I also work increasingly in casual games, which are focused on making it easy for players to immediately play. So clearly I'm biased towards easy...

...but I'm also clearly not alone in my desire. A very healthy percentage of players of Half-Life 2 Episodes 1 & 2 are playing Half-Life on easy! Fairly or unfairly I label Half-Life players as a very hard core group. One that eats wild animals for breakfast and calls a 3-inch cut a mere flesh wound. They're the ninja masters of gaming. ...and nearly 20% of them like their games easy. It's like watching an army field general do ballet in front of his troops. (not that there is anything wrong with that!) It's amazing to see the ninja masters of gaming looking for their games to be easier.

With Airport Mania, I made it easy. Part of that comes from my belief that the majority of people who play casual games are looking for relaxation, not metal taxation. Part of it comes from my own experience in thinking that most games, even those made for kids are much more difficult than they should be. (THQ...seriously? what is up with the difficulty of your games...take a note from Travelers Tales...please!)

A lot of players aren't playing games through to the end. They are giving up very early on. Developers who have played the game over and over don't realize just how much harder it is for the average player to do what has become second nature to those who created the game. I think hard difficulty levels for those who are looking for the challenge and apparently have nothing to do all day but play games are great! Just be sure to include the easy difficulty level when you make your game. I want to see how it ends!


Macguffin said...

Hey Russ - another reason I think more practiced gamers don't make it all the way through games is that they lose their intrigue. I don't play WoW any more, amongst many other games, simply because there's a lot of time to put in, and I already know the rough shape and size of everything that is coming down the pipe.

Not that this changes your point - with which I agree. I think it's another part of the reason. I'm much more likely to quickly put down a game that I've mostly groked and is really punishing, as opposed to one that is old hat but has a nice difficulty curve.

BattleChick said...

Just found this blog via gamesetwatch and have to say how much I agree with you. I'm probably considered a hard core gamer but I like to play games on easy mode because that way I can usually finish them. Don't know if it makes any difference that I'm a girl but I have no interest in the whole die, repeat, die, repeat cycle. I just want to progress and have fun doing it. And if I really enjoyed the game I will go back and do it on normal, and if especially passionate, will do it a third time on hard. Basing game difficulty on how quickly a QA tester can play is ridiculous.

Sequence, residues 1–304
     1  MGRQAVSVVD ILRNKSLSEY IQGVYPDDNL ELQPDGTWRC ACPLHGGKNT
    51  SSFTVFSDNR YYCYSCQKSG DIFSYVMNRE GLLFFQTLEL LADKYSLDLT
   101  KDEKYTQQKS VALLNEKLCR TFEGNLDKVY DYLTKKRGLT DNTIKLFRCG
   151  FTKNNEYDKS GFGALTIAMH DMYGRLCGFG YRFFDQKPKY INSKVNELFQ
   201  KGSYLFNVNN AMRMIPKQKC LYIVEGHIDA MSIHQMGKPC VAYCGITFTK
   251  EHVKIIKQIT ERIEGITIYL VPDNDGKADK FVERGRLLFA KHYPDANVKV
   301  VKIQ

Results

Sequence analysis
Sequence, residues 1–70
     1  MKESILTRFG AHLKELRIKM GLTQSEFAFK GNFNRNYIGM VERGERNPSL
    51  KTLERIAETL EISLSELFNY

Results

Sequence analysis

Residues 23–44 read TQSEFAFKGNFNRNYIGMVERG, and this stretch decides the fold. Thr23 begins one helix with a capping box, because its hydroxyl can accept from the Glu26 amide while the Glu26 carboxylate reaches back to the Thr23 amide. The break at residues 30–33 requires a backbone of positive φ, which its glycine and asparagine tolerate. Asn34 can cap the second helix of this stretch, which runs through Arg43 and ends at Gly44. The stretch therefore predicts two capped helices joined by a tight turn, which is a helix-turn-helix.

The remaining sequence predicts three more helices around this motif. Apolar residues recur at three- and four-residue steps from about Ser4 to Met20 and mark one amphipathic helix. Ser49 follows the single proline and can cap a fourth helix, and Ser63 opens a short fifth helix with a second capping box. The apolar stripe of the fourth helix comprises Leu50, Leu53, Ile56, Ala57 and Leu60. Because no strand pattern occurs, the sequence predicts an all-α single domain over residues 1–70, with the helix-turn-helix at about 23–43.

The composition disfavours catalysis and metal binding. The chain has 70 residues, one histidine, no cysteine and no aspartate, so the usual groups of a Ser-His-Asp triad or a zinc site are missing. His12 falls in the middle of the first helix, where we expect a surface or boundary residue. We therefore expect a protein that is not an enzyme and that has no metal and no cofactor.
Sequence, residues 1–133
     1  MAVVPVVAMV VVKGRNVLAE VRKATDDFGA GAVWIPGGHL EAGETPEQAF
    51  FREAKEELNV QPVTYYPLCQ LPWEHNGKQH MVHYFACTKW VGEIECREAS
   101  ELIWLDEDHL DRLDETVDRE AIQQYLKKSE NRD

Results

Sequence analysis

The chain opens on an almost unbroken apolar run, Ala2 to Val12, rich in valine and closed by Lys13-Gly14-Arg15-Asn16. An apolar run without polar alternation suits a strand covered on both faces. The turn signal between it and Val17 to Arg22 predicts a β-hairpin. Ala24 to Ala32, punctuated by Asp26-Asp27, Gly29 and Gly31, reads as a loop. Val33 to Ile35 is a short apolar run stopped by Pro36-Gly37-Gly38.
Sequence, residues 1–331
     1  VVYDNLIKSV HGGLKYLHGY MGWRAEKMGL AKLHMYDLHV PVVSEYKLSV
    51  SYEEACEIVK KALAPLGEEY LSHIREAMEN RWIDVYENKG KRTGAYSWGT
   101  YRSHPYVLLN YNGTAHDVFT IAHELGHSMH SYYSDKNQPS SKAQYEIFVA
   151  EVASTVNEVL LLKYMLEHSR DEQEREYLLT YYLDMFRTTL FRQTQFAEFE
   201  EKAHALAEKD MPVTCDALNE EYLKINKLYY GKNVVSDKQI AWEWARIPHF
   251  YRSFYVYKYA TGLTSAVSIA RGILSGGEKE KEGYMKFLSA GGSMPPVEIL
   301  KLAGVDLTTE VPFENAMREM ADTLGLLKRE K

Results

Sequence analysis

Where I work, we spend a lot of time on focus testing and it really pays off. If your target audience can't grasp the game quickly, then you are doing something wrong.

XIX said...

todays gamers refuse to accept any challenge, they must always win. Making games feels a bit like playing monopoly with a spoiled brat where you eventually have to resort to cheating to make sure they win in order to stop the tantrums.

thats not really very healthy

i suspect most of them would be happier watching tv

some obvious points to back this up is the way ultima online turned from an interesting dangerous world into the bland grind machine that players demanded.

Also all the reviews of shiren. Where the moronic gamer press reflects the minds of the moronic gamers.

gamers really need to evolve or go back to watching TV :)

Yeah I know wishful thinking. But I'm not talking about become a super gamer god, just be prepared to accept some loss and risk and learn from it rather than throw an instant tantrum.


Russell Carroll said...

Some great thoughts...I'm feeling bad for being busy last week and missing out on the comments.

Stopping play b/c you don't think there is anything that seems interesting in the future is a very intriguing one to me. I would have to say I quit playing Dewy's Adventure fairly quickly b/c I felt I was through everything interesting in that game (in less than 60 minutes).